Here in Washington, we were just settling down for the enervating business of projecting the future from the first tranche of President-elect Barack Obama’s Cabinet, when an ill wind from Chicago reminded us that all politics is human, and that political success does not equate to wisdom or simple common sense. Also, it reminded us that we love to see politicians fall.
The allegations against Illinois Gov. Rod Blagojevich have diverted even the most serious policy wonks from their ruminations. But this will pass, and most likely Blagojevich will go to his disgrace. The wonks will go back to puzzling how Obama’s foreign policy appointments will work together, or who will work against whom. It is not titillating, but it is engrossing.
This brings up the subject of Hillary Clinton, Obama’s pick for secretary of state.
What makes Clinton tick? Why would a woman who has been a successful lawyer, the first lady of a state, the first lady of the United States and a successful U.S. senator want more? Her ambition is Napoleonic, vaulting and incomprehensible. Those who are not addicted to the narcotic of power cannot understand it any more than we can grasp what drives Rupert Murdoch, the most successful publisher in history, to expand his empire at the age of 77, when he might reasonably be expected to be enjoying his family and reveling in his achievements.
But Clinton’s ambition, together with her husband’s position in the prompter’s box, does not auger well for harmony in foreign policy. First, there is National Security Adviser–designate James Jones to consider. He will see the president every day and, unlike Clinton, does not have to preside over the management of the State Department with its 50,000 widely scattered employees. More, he is fresh out of his Marine general’s uniform, and generals have more difficulty than most in accepting orders.
Then there is the possibility of a three-way struggle between Clinton, Jones and Susan Rice, nominated to be the next U.S. ambassador to the United Nations. She was an assistant secretary of state in the Clinton administration and signed on early as an adviser to Obama. She did not throw her weight behind Hillary–and the secretary of state-designate notices things like that.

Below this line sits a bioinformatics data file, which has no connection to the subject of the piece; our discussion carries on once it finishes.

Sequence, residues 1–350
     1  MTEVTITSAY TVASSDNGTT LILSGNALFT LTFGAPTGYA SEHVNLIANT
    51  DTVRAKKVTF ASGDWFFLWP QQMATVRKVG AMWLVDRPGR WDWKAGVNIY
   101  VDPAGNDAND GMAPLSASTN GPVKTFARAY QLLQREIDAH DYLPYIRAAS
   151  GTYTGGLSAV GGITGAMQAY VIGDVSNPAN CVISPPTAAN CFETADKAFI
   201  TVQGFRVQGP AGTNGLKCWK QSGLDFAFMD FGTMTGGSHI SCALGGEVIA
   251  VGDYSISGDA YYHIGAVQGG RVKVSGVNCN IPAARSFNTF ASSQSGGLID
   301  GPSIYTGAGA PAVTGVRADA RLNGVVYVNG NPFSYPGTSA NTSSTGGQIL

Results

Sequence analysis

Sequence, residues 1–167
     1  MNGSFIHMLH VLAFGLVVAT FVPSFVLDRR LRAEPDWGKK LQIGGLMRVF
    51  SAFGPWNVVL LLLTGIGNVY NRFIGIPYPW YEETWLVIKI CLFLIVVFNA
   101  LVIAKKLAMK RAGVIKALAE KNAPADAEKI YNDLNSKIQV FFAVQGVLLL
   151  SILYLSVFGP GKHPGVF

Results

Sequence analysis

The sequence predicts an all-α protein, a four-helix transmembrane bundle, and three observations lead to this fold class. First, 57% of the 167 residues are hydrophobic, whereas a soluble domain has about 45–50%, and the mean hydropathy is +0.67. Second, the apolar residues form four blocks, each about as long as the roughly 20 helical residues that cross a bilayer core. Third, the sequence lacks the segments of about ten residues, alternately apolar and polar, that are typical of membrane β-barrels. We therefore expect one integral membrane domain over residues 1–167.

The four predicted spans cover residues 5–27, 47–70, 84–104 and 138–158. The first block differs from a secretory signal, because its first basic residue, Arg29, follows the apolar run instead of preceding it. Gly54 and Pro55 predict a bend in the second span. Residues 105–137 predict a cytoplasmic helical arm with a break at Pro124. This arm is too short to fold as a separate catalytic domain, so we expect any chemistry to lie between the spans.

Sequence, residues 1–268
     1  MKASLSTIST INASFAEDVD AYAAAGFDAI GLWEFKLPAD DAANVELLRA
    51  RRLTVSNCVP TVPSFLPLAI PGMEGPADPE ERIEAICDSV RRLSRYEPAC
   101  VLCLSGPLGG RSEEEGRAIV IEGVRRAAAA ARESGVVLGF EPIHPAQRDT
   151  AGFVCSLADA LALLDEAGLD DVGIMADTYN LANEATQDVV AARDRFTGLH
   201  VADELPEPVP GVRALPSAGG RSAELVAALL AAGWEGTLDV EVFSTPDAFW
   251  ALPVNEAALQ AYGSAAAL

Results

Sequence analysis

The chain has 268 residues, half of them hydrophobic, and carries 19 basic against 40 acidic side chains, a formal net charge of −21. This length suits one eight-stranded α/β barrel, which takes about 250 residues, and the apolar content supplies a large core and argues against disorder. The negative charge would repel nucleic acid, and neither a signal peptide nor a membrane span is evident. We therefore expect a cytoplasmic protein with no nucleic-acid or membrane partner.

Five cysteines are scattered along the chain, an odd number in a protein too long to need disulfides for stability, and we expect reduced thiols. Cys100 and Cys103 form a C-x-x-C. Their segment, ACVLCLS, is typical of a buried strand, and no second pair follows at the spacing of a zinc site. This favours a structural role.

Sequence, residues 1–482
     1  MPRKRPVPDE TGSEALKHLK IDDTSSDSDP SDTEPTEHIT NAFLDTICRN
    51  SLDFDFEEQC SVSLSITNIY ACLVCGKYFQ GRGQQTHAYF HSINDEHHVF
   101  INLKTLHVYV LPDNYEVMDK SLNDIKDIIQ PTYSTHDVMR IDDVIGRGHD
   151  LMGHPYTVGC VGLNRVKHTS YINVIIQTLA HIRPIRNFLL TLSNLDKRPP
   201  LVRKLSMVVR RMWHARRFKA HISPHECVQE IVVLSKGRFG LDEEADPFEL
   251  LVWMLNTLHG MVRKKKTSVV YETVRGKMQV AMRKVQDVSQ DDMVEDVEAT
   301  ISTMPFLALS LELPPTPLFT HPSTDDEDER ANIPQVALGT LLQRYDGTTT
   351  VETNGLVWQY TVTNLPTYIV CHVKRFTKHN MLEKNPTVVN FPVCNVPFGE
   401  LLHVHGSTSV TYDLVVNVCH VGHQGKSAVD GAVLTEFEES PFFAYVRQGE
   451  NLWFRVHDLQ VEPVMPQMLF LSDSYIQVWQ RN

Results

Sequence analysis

Foreign policy is not just caught up in a triangle of strong egos. There is another player: the vice president. Vice President-elect Joe Biden has made foreign policy his area of expertise for many years, serving on the Senate Foreign Relations Committee and traveling widely. Biden is not malicious, but he is garrulous and wont to say things he wished he had suppressed. Loose lips in the veep’s office could be a nightmare for all concerned, especially Clinton.
Clinton, herself, has one other problem: her husband. The former president made a speech in Hong Kong, after his wife had accepted the job of secretary of state. If this is not a conflict, it is at least a possible harbinger of things to come. Awkward things.
Obama’s chief of staff, Rahm Emanuel, may be called upon to keep the peace, but he has baggage too. He is known to be abrasive and to have strong ties to Israel, where he served in the Israel Defense Forces during the Gulf war. Obama might want to keep Emanuel out of foreign affairs even if, as chief of staff, he is forced to keep the peace between the super-egos. Of these, Rice is the gentlest, but she will have to answer a lot of questions about the Rwanda genocide during her Senate confirmation hearing. She was on President Clinton’s Africa team at the National Security Council during the genocide. As they say, it was not our problem, but it will force Rice to answer hard questions about the slaughter now taking place in Darfur and the eastern Congo.
Hillary Clinton is smart and energetic, but if she has diplomatic skills, she has not used them to date. In China, I watched her lecture women on becoming lawyers. The women, who had expected somebody more sympathetic, looked at her agog. Few of them probably knew what a lawyer was, and Clinton clearly had not bothered to find out what was on their minds. Not a good beginning.
The sorry thing is that it will be years before we know how well the Obama foreign policy team meshes; before the books are written and memoirs lift the curtain.